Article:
My Top Books of 2015

At the start of each year I set out to read, on average, one book per fortnight. By the end of the year I’ve usually achieved this goal. What can I say? I enjoy reading. There’s usually a mix of fiction (40%) and non-fiction (60%), this year is no different. The list of books I read don’t include those I simply dip into here and there. These are the ones I read right through. If you’d like to see every book I’ve read this year then head here. Otherwise, below is a list of the top books I read. These all achieved 5-stars in my subjective rating system. šŸ™‚

old books

Adoniram Judson by Jason G. Duesing

Few books I read significantly shape me. The last would’ve been around a decade ago. Yet, in January one more was added to that elite list, this biographical account of the life of Adoniram Judson. Perhaps it was the timing, just before our miscarriage and a rather painful time for us as a family. It was helpful for that period but also for deeper reflection in what it means to live a life following Jesus and makingĀ him known to others.

The book was so good I had to review it. The review gives you a better outline and idea of the book thanĀ I can give here. I also quoted him a little in some previous posts. It’s a great read and was significant to me at the time and as I’ve continued to reflect on it.

In brief Judson was the first American Baptist missionary sent out, ever. He had a great impact on current day Burma/Myanmar, fruit which continues to be seen today. He endured so much personal and ministerial hardship, including the deaths of many of his children and two of three wives. He seems like an amazing man and very much worth the read.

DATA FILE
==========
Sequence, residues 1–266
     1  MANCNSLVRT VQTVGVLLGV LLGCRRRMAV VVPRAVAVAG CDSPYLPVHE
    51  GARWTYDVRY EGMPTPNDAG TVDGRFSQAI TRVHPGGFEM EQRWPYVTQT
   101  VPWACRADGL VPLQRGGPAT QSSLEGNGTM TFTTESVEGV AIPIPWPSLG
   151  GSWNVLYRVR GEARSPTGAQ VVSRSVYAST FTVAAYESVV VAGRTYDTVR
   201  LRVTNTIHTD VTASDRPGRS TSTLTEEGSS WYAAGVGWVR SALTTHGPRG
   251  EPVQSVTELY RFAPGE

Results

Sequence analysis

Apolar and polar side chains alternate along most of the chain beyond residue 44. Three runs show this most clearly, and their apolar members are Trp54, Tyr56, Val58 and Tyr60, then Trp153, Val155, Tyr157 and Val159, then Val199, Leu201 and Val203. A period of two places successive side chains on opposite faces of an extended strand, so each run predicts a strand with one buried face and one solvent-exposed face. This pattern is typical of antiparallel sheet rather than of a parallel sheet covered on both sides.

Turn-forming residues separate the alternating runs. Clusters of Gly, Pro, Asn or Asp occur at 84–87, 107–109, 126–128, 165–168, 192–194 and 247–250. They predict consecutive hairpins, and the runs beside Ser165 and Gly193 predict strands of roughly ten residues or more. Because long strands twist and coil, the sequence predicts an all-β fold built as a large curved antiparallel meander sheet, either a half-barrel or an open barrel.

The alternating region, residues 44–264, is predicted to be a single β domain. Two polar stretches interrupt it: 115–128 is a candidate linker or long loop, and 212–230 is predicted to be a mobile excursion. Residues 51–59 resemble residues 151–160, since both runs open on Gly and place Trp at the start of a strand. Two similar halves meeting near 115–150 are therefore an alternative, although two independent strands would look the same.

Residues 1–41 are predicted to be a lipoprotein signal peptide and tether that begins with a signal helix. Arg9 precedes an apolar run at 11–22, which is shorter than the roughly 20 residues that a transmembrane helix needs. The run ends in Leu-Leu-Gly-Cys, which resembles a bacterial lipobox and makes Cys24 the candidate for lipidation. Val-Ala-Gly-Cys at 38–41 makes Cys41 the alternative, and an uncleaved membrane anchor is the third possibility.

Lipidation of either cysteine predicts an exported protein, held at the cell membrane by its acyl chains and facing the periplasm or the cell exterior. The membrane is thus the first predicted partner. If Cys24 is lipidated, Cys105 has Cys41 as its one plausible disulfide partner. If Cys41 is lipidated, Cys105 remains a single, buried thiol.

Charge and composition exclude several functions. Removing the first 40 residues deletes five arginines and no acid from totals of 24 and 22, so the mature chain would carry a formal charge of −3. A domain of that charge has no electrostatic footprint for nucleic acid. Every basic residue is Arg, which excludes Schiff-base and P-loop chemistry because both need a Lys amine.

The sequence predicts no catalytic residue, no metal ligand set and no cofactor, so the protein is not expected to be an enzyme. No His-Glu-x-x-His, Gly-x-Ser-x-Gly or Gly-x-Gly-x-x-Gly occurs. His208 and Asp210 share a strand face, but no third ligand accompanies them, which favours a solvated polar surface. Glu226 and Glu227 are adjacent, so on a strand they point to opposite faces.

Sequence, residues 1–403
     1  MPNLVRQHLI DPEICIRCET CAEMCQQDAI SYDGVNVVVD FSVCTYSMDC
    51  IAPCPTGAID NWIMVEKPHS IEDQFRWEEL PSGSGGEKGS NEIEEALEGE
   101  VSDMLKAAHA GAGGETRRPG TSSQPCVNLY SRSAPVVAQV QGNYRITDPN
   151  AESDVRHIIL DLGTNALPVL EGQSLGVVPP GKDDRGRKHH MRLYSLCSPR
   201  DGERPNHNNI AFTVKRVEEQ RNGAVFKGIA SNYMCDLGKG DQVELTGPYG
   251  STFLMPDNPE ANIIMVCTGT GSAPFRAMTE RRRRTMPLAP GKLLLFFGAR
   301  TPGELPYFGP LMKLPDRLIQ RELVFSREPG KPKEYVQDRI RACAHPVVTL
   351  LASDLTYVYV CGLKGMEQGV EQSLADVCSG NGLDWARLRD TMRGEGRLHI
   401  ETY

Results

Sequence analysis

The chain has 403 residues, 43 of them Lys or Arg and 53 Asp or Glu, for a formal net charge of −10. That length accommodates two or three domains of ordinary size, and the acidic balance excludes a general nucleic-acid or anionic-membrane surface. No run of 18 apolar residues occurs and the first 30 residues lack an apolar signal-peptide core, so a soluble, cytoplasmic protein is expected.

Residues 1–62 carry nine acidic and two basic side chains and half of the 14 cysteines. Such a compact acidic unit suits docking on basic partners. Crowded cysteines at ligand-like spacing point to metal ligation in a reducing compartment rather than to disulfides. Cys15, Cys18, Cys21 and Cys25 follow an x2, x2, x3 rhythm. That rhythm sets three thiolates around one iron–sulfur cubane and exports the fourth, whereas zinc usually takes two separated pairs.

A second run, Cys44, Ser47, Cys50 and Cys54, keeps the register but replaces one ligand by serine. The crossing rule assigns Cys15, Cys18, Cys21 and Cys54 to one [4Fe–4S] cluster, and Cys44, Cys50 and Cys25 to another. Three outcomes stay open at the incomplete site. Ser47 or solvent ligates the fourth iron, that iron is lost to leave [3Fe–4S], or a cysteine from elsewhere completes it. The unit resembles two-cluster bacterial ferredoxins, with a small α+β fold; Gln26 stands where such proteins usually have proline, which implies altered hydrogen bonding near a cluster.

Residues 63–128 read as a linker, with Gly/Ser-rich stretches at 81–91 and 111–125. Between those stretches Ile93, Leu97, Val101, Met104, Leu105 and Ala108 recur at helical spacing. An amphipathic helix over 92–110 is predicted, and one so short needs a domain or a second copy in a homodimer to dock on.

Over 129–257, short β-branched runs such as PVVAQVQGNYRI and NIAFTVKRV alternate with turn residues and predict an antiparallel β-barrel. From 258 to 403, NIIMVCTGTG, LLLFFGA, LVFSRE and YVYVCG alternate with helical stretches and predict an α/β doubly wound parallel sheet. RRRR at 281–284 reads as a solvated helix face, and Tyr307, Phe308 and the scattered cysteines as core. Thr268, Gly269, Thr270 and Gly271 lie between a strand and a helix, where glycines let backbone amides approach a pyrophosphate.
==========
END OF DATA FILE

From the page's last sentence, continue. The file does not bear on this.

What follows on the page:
Michael Jordan: The Life by Ronald Lazenby

Michael Jordan was the most iconic sportsman while I was growing up. Probably still is. He’d certainly be the best basketballer the world has ever seen. This biography is a comprehensive outline of his life and family. Lazenby begins generations before MJ was born and makes his way through the family tree before spending much of the 720 pages talking about his career. The Life outlines Jordan’s relationship with his father, family, coaches and team mates. It is a great read and even more so if you remember the glory days of Jordan and his Bulls.

Bonhoeffer: Pastor, Martyr, Prophet, Spy by Eric Metaxas

Another biography makes the list here too. Can you tell the stories of others interest me?

Bonhoeffer was a pastor during the time of Hitler-led Germany and into World War II. He was one of few who saw Hitler for what he was and went against the traditional German church at the time. This leads him to be a main player in seeking to assassinate Hitler during the war, which he is consequently imprisoned for. Metaxas is a great writer and givesĀ a detailed account of Bonhoeffer’s life. It took longer than I would’ve liked reading this on Kindle but it was still worth the 5-stars.

When Helping Hurts: How to Alleviate poverty Without Hurting the Poor…and Yourself by Steven Corbett and Brian Fikkert

As part of my role with Global Interaction I have had the privilege ofĀ facilitating and leadingĀ short-term mission or exposure teams. This involves preparing people to engage in missions in another culture and with other religions. At the same time questions are often raised as to the validity and method of these trips, quite often seen as a waste of money with little help to others. I have my own thoughts on this of course but this book helps put many of these things in perspective.